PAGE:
Reducing fuel consumption in the military has become an operational imperative: not only can it save money, it will also save soldiers’ lives, as well as improve the mobility and endurance of military forces. Enhancing the energy efficiency of the armed forces is one of NATO’s priorities in the field of energy security.
The importance of energy efficiency for the conduct of military operations has come to the fore over the past decade. The weight of batteries to power the wide range of electronic equipment used by the military adds a substantial burden to soldiers. Moreover, fuel convoys are vulnerable to attack (it is estimated that 3,000 US soldiers were killed or wounded in attacks on fuel and water convoys in Iraq and Afghanistan between 2003 and 2007).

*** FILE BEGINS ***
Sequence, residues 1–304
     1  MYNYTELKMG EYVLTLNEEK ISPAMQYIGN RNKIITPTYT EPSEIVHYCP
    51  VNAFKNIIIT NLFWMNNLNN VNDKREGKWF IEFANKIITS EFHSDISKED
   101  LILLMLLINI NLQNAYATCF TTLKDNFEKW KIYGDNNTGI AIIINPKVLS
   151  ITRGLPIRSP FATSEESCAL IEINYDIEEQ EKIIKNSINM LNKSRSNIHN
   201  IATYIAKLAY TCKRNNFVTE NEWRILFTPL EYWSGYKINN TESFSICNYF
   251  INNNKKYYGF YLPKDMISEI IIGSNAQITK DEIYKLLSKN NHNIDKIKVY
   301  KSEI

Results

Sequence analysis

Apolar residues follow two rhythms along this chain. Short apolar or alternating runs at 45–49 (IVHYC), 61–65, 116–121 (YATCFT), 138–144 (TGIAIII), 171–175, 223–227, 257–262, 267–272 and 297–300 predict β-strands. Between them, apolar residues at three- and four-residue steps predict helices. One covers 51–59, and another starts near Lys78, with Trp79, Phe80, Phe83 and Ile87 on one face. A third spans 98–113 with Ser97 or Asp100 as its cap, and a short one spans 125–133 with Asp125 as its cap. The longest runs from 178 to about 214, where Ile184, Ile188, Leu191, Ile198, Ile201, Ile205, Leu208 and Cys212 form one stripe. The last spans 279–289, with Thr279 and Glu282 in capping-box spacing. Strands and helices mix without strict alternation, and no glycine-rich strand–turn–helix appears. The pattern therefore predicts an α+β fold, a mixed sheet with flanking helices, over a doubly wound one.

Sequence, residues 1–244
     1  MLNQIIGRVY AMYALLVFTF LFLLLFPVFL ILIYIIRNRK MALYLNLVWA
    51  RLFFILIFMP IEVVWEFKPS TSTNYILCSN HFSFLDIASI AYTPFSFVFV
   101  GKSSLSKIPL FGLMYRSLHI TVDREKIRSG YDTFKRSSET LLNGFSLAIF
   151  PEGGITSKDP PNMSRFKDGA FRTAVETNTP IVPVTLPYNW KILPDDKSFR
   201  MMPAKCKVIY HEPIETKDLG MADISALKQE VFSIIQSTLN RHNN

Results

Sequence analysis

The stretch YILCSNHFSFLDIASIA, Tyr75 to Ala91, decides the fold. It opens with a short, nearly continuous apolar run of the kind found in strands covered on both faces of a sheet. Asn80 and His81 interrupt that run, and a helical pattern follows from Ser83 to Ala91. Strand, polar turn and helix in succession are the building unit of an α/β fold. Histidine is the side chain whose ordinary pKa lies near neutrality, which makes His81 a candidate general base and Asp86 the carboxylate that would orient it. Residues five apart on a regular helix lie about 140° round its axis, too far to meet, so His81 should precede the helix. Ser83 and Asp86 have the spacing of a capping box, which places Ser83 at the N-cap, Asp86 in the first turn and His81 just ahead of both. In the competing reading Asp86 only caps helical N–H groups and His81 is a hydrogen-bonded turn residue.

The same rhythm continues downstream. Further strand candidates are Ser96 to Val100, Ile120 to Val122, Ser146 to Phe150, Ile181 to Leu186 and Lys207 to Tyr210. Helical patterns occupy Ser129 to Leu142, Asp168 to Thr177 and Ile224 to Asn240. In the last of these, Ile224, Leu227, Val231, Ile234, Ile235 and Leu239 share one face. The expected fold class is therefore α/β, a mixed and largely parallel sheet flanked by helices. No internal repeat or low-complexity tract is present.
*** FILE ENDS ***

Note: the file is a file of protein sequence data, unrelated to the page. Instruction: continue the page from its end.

Progress in the field of energy efficiency relies heavily on working together with like-minded partners. “Now is the time to start thinking about multinational cooperation: by setting clear priorities; by bringing together groups of interested nations; and by achieving economies of scale. This is why we call it ‘smart energy’,” says NATO Assistant Secretary General for Emerging Security Challenges, Ambassador Sorin Ducaru.
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